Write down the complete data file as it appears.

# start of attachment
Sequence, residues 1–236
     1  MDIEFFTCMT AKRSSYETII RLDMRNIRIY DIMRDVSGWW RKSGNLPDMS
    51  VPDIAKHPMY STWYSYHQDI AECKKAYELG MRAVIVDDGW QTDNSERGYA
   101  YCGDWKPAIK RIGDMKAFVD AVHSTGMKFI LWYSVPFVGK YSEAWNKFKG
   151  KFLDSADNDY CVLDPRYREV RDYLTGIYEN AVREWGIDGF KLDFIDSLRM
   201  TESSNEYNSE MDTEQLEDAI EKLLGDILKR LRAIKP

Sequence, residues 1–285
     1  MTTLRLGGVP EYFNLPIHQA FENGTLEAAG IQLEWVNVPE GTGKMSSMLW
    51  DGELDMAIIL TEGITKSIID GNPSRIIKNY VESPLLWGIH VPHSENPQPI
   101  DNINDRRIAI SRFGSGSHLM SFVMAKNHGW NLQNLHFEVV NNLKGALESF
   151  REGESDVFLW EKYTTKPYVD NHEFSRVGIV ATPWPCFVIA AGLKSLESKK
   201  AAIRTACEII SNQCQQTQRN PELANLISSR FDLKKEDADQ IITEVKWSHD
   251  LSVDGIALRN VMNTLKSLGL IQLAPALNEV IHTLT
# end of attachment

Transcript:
Sequence, residues 1–236
     1  MDIEFFTCMT AKRSSYETII RLDMRNIRIY DIMRDVSGWW RKSGNLPDMS
    51  VPDIAKHPMY STWYSYHQDI AECKKAYELG MRAVIVDDGW QTDNSERGYA
   101  YCGDWKPAIK RIGDMKAFVD AVHSTGMKFI LWYSVPFVGK YSEAWNKFKG
   151  KFLDSADNDY CVLDPRYREV RDYLTGIYEN AVREWGIDGF KLDFIDSLRM
   201  TESSNEYNSE MDTEQLEDAI EKLLGDILKR LRAIKP

Sequence, residues 1–285
     1  MTTLRLGGVP EYFNLPIHQA FENGTLEAAG IQLEWVNVPE GTGKMSSMLW
    51  DGELDMAIIL TEGITKSIID GNPSRIIKNY VESPLLWGIH VPHSENPQPI
   101  DNINDRRIAI SRFGSGSHLM SFVMAKNHGW NLQNLHFEVV NNLKGALESF
   151  REGESDVFLW EKYTTKPYVD NHEFSRVGIV ATPWPCFVIA AGLKSLESKK
   201  AAIRTACEII SNQCQQTQRN PELANLISSR FDLKKEDADQ IITEVKWSHD
   251  LSVDGIALRN VMNTLKSLGL IQLAPALNEV IHTLT